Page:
Some of the most spectacular scenes you can capture at night will be in parks. We’re not just talking about city parks here, although they can be quite remarkable. Visit National Parks, with their incredibly expansive skies dotted with stars, or check out amusement parks, where you can find bright lights, vibrant colors, and thrilling movement.
While these locations will definitely provide you with some exciting subject matter, you won’t get the results you’re looking for unless you follow a few tips, especially if it’s your first time out. To shoot in these places in lower-light settings, you’ll need a more advanced camera, a solid wide-angle lens with a fast aperture, and a tripod.
With your gear packed and your location scouted, head out and capture some of the most incredible night photography you’ll ever take – by keeping these tricks in mind.
The best time to shoot at night is about a half hour after the sun has slipped below the horizon. You’ll hopefully still be able to capture a bit of afterglow in the sky, but it will be plenty dark to highlight the artificial light in an amusement park. If you’re shooting at a National Park, you’ll have just enough light left to keep some of the details in your landscape and whatever foreground elements you’ve included in your composition.
You’ll still be able to get some impressive shots after that vibrant glow is gone, though. The lights on the carnival rides will pop against a velvety black background, and in National Parks, you’ll start to be able to capture the detail in the stars.
Increasing your camera’s sensitivity to light will help you accurately capture the details in low light settings, so dial up your ISO to 400 or more. This will depend on the capabilities of your specific camera, as you don’t want to push your sensor to the point where you start seeing a lot of noise.
You’ll also want to switch up your shutter speeds. Using a longer exposure time will allow you to capture some movement, but you’ll need to use a tripod and make sure you’re not jostling the camera when you release the shutter. The goal here is to keep static elements of your composition clear while letting the moving parts blur into a colorful, eye-catching pattern.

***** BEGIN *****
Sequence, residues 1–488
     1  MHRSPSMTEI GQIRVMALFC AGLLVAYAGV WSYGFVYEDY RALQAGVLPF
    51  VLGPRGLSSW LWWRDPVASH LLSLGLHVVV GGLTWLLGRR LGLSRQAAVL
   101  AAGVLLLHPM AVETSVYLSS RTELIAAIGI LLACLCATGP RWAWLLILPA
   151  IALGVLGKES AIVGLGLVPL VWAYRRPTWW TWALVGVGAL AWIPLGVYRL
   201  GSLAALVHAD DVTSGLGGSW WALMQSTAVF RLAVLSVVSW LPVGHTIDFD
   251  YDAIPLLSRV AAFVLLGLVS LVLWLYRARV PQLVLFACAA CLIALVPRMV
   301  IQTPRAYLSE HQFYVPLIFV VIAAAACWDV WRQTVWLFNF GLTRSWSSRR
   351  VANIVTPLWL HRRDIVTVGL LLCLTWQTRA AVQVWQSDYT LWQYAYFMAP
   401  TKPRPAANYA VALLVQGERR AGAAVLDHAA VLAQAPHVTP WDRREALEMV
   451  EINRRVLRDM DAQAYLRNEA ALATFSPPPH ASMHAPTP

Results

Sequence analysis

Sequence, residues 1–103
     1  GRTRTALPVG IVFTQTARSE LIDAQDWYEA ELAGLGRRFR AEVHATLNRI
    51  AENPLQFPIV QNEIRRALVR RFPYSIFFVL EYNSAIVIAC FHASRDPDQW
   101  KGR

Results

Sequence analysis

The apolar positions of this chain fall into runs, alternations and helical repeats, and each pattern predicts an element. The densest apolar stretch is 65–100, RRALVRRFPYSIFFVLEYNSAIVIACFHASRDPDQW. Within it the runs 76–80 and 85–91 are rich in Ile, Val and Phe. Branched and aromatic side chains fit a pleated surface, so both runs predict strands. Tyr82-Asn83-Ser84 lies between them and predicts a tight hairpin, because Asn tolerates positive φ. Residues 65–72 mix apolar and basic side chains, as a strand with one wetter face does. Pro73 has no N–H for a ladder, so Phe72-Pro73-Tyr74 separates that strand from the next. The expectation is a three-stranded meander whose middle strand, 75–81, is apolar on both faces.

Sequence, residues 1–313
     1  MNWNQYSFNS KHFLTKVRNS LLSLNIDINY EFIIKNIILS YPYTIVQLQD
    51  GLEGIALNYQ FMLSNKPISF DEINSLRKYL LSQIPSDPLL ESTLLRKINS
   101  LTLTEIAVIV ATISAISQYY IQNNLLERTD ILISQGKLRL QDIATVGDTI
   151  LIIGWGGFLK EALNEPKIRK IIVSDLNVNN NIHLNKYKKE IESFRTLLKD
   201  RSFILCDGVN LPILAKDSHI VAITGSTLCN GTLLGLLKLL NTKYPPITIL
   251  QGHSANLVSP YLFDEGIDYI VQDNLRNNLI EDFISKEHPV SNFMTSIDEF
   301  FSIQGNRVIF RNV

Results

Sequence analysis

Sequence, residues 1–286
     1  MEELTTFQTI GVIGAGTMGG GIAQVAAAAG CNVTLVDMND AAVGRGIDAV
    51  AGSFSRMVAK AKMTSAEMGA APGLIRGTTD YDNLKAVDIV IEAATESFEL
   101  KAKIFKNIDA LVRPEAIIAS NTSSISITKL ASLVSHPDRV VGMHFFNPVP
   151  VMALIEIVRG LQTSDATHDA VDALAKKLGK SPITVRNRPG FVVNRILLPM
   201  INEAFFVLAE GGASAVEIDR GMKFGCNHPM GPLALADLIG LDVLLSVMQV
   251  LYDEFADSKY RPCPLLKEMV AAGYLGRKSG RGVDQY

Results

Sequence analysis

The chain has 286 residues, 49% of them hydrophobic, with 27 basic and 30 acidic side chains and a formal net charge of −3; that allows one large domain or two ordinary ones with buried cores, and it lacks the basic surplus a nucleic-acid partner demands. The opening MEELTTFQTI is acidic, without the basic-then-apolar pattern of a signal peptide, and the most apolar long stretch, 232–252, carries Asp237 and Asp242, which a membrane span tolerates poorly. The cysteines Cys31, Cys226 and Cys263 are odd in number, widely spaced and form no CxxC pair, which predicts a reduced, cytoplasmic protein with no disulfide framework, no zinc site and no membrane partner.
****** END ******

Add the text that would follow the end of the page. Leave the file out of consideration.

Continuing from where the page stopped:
Since night shooting can be somewhat unpredictable, this is a great opportunity to experiment with your camera’s time-lapse feature. This means your camera will automatically expose a frame every four seconds or so, and you’ll wind up with a very unique selection of different blurs, colors, and compositions.
This is similar to shooting video in that you’ll have a somewhat ongoing record of the scene, but this way, you’ll end up with a series of full-frame stills, instead of a full recording. This gives you some really interesting results that you can play with later, in post-processing.
Focusing is an issue at night since it’s hard to see the subject of your photo when there’s very little available light. Autofocus is especially unreliable, so you’ll need to get familiar with the manual focusing ring on your lens. You can also use Live View, if your camera allows it, to have a larger screen to work with as you try to focus your lens.
Try using a lens with a wide aperture, so the depth of field shouldn’t be an issue. You want as much of the park scene to be in focus as possible. Try to find areas where some of the ambient light hits your subject, to create a bit of contrast where you can aim your focus.
Even when you’re shooting in the dark, it’s important to carefully compose each frame. As you would with any other landscape, try to include elements to provide a sense of depth – leading lines, foreground interest, and as much detail as possible.
It’s easy to let the star of the image be the lights from the amusement park or the sparkling stars in the night sky at one of the many National Parks around the world. But if you want to create a truly eye-catching, dynamic shot, you’ll need to be sure that there is more going on than just these special features.
Now that you’ve got some ideas in mind to help get you started photographing parks during the night, get out and start looking for some dynamic compositions. Remember that trial and error is one of the best ways to help teach yourself more about photography – so don’t be afraid to get brave and try some new things. With digital files to work with, you’ve got nothing to lose!
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